Ted - Your idea of letting a crawlspace reach the ambient outside temperature doesn't really fly in extreme humidity, that's why conditioning the space makes more sense than ventilation in most cases. Even if you don't get condensation, you can still have 80% RH which is perfect for mold growth, with or without bulk moisture condensing inside the crawlspace.

  11. user-659915 | | #11

    Response to Carl
    I understand having to choose between paying the power bill and paying the mortgage. When I wrote "alternating a/c use with natural ventilation in humid weather is not a smart thing to do" I was trying to make the point that this practice can cost more than relying on the a/c continuously. The homeowners are not just going to be uncomfortable - there's a good chance they will be spending more rather than less on their power bill to do it. And however durable the construction materials of our home, it doesn't save any money for all our clothes and furnishings to go moldy.

  12. hUd6rCjJMg | | #12

    To suggest that turning off the AC doesn't save on the electric bill is like dismissing set-back thermostats as more costly than constant indoor temperatures - neither is true.

    The only good reason for sealing and conditioning a crawlspace is if it has to be used to house mechanicals. Otherwise it's less costly and easier to terminate the conditioned space at the first floor.

    Moisture problems in both warm/humid and cold climate crawl spaces are often caused by the fact that ground temperatures are lower than air temperatures in summer - often below the dewpoint - and exposed floor framing is radiantly coupled to the ground, bringing its temperature below the dew point as well.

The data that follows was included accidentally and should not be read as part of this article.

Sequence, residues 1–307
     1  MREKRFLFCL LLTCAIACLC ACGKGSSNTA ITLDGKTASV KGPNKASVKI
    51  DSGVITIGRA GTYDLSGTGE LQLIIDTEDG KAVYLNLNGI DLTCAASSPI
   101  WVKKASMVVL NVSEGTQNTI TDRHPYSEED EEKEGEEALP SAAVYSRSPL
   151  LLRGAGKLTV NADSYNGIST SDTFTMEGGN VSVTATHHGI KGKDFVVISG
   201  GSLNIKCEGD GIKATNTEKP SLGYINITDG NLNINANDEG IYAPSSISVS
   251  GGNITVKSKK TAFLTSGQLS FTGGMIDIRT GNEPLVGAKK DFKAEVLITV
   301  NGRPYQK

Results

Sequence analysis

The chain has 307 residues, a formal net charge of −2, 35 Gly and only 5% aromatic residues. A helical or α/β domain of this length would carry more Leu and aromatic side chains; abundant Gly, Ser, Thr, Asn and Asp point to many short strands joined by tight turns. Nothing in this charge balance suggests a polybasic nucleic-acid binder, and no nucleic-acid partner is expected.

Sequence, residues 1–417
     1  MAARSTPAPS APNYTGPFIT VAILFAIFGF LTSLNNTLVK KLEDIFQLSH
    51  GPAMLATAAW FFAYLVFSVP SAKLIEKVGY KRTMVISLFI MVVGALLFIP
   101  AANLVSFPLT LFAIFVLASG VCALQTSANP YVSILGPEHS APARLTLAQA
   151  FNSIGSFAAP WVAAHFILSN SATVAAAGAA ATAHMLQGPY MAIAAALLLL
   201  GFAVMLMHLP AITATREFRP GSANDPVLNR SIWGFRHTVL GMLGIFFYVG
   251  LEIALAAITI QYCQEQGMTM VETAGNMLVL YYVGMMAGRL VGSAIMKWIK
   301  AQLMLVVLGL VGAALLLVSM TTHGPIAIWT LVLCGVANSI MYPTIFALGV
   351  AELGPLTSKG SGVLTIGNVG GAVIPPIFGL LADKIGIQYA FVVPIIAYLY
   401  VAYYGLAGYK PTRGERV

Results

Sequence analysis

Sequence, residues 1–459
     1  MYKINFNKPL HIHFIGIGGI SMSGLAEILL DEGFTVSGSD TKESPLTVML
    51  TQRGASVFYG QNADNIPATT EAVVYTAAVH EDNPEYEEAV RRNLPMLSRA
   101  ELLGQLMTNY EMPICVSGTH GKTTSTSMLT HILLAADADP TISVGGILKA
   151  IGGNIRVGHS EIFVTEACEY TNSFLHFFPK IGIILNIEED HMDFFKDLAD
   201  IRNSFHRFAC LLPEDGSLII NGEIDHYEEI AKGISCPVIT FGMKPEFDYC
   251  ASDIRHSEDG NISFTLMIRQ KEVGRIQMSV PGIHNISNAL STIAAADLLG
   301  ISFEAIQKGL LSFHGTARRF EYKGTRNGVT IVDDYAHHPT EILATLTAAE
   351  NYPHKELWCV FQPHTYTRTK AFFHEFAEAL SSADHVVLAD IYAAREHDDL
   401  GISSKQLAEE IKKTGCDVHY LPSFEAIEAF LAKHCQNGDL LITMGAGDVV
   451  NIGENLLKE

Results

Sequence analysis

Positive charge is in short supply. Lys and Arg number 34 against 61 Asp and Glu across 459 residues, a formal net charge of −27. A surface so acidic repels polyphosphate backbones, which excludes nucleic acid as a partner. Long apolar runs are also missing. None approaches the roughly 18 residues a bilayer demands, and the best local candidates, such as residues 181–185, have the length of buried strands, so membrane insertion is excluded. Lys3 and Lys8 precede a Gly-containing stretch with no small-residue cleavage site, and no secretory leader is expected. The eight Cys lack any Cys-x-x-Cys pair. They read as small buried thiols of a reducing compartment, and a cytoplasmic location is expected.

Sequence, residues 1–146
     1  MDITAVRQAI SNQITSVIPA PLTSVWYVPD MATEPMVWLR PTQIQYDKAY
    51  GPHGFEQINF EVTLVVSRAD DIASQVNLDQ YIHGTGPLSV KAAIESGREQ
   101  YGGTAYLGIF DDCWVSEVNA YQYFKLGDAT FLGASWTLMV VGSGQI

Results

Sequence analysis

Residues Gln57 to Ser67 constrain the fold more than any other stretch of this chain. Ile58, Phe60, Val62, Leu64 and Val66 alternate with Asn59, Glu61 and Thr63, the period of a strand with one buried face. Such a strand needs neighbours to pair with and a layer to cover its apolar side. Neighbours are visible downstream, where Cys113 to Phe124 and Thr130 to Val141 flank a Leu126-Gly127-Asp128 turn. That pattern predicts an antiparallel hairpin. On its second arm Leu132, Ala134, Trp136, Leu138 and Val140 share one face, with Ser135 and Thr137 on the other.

If there are no moisture-vulnerable materials in the floor or walls of the crawlspace, then the crawlspace can be vented and the floor framing can be protected with a combination thermal/radiant/air barrier. As Martin suggests, the best material for this is foil-faced polyiso rigid foam board with taped seams and foamed perimeter sealing. Crawlspace floors should, ideally, have a drain to daylight.

    As to designing a home to function regardless of occupant behavior - this should be common sense. A truly Passive House is one that is livable and durable whether or not the occupants read and follow the "owner's manual" (how many of you have read your vehicle owner's manual?). There are two approaches to making a house "idiot-proof". One is to automate all functions (like those damn shoulder belts that would automatically wrap around the driver when the door was closed), or make the house work by natural law without either occupant intervention or automated (and fallible) equipment.

  13. hUd6rCjJMg | | #13

    Climate Change Shelter?
    An ancillary concern about the prevalence of crawlspaces over full basements is the dramatic increase in both the frequency and intensity of tornadoes. So far in 2011, there have been 537 tornado fatalities in the US, compared to 45 in all of 2010 (and the most since 1936).

    An analysis of the 1999 Oklahoma tornado season, which included a brutal EF5 twister, found that of 40 deaths, 133 severe injuries and 265 minor injuries, there was only one minor injury among those who took refuge in basements. In the Joplin MO area, where the May 22, 2011 death toll was 155, 82% of homes had no basements.

  14. wjrobinson | | #14

    My vote is for slabs. Then
    My vote is for slabs in the humid southern states area. Then add to all homes (in tornado and hurricane areas) safe rooms which have now been perfected and cost very little.

    Humid air and drywall is a bad mix anywhere that we build. Cheap standard drywall just isn't a good product. Neither is OSB or fiberglass bats. At least for wood we can build with something like Bluwood.

    What is a good replacement for drywall, the fiberglass faced board and what else?

  15. user-659915 | | #15

    Safe rooms